This website uses cookies to ensure you get the best experience on our website. By continuing to use this website, you consent to our use of these cookies.
Student Life
Chapel Talks

Jackie Robinson

By Cooper ’30

Jackie Robinson
Jackie Robinson

Many of you know, I like baseball. As James Earl Jones said in “Field of Dreams”: “Baseball has been a constant throughout the years in America.” It was invented by General Abner Doubleday and became popular through the 1880s and 1890s as something for people to enjoy and watch after the Civil War. It quickly became America’s pastime. It also became an avenue for social change across America. In 1945, Jackie Robinson broke the color line and baseball became a critical part of desegregation.

Jack Roosevelt Robinson was born on January 31, 1919, in Cairo, Ga. He was the youngest of five kids, raised by his mother. He was great at sports from a very early age. He went on to school at UCLA where he lettered in four sports: baseball, basketball, football, and track. In 1941, Jackie was drafted and joined the Army, where he became an officer. In November 1944, he left the Army and tried out for the Kansas City Monarchs. He started playing for the Monarchs in 1945.

That same year, Branch Rickey of the Brooklyn Dodgers gave Jack a once-in-a-lifetime opportunity. Branch wanted him to be the first African-American to play in Major League Baseball! Why did Branch want Jackie to play for him? Branch Rickey wanted somebody who was not just a good baseball player, but also someone who had impeccable character. He found that person in Jackie Robinson.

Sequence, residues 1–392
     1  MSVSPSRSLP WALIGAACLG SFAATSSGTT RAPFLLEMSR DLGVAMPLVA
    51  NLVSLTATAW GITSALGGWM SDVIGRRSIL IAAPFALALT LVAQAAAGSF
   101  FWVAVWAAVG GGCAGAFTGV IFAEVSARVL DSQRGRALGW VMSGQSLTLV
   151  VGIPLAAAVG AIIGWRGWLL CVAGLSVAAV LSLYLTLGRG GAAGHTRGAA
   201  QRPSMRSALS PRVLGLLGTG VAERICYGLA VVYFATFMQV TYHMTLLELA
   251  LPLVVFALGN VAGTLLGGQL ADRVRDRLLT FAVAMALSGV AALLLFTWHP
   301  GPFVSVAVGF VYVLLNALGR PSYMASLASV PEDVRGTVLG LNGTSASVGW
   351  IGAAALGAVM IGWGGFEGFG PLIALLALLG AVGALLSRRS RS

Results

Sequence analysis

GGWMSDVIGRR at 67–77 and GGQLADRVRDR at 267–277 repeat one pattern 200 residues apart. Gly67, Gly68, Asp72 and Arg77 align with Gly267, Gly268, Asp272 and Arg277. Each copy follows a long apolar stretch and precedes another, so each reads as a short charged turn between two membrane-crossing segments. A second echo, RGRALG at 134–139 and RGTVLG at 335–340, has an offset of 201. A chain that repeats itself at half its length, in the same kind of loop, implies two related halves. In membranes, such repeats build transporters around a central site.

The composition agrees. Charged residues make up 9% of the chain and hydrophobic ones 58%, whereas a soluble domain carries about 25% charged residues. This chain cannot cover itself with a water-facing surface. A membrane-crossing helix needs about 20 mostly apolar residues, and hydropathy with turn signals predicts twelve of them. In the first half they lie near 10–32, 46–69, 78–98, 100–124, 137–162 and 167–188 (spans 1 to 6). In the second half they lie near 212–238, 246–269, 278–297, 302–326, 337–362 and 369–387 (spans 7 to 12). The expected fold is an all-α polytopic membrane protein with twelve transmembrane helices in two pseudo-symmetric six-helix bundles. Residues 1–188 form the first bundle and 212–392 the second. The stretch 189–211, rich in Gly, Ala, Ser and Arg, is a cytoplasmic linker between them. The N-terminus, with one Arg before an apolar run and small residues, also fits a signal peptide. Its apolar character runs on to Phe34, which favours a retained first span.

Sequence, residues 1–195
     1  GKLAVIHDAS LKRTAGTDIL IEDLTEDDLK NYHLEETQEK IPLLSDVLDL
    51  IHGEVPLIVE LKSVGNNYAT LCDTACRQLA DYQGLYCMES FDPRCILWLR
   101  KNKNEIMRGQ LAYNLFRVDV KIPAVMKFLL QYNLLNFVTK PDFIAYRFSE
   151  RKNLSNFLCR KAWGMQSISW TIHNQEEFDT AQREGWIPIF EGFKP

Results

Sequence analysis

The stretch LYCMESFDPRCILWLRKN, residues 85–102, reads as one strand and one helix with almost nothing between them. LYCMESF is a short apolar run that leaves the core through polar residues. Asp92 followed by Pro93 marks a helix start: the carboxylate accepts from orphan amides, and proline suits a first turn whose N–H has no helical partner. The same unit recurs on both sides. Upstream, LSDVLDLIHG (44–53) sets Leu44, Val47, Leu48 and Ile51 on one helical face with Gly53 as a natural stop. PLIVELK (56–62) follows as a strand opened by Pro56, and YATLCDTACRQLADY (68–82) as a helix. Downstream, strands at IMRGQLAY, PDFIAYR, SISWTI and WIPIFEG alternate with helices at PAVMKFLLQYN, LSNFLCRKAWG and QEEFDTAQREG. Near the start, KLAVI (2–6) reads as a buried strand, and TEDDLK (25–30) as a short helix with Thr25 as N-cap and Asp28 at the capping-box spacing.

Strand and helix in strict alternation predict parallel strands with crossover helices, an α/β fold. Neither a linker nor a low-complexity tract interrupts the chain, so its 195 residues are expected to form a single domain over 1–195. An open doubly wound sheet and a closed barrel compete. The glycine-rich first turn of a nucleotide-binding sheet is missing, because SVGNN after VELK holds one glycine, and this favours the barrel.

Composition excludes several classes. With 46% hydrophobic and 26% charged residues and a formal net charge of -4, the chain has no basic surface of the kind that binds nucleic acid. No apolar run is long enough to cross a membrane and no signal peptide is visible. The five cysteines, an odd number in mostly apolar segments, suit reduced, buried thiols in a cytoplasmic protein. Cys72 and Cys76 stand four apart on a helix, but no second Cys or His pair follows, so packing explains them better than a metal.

Jackie went through a lot and was tested many times. Many people were not nice to him. They would call him names. They would yell mean words at him. They would throw rocks at him. Catchers would spit on him. Pitchers would throw fastballs at his head. Runners would step on him. But he did not let that bother him. He was a big man, and he knew what was right and what was wrong. He never fought back. He let his exceptional play speak for him.

Like the Bible says in James 1: 2-4:
Count it all joy, my brothers, when you meet trials of various kinds, for you know that the testing of your faith produces steadfastness. And let steadfastness have its full effect, that you may be perfect and complete, lacking in nothing.

In a ten-year career, Jackie’s talents shined brightly. He won the rookie-of-the-year in 1947, was a six-time All Star, and was the league MVP in 1949, the year he won the stolen base title and won the batting title. He played in six World Series and was a major contributor to the 1955 World Series win where he famously stole home. Jackie was elected to the Baseball Hall of Fame in 1962.

Jackie’s steadfast character and non-violent approach was a major key for him to make it to the big leagues. He was then able to let his talent prove that everyone deserves equal opportunity. He used his fame to build support for the Civil Rights Movement. That is a great example of why you should never give up. Find your dreams, grab hold of them, and let your talents show the way.
Located in Washington D.C.,  St. Albans School is a private, all boys day and boarding school. For more than a century, St. Albans has offered a distinctive educational experience for young men in grades 4 through 12. While our students reach exceptional academic goals and exhibit first-rate athletic and artistic achievements, as an Episcopal school we place equal emphasis upon moral and spiritual education.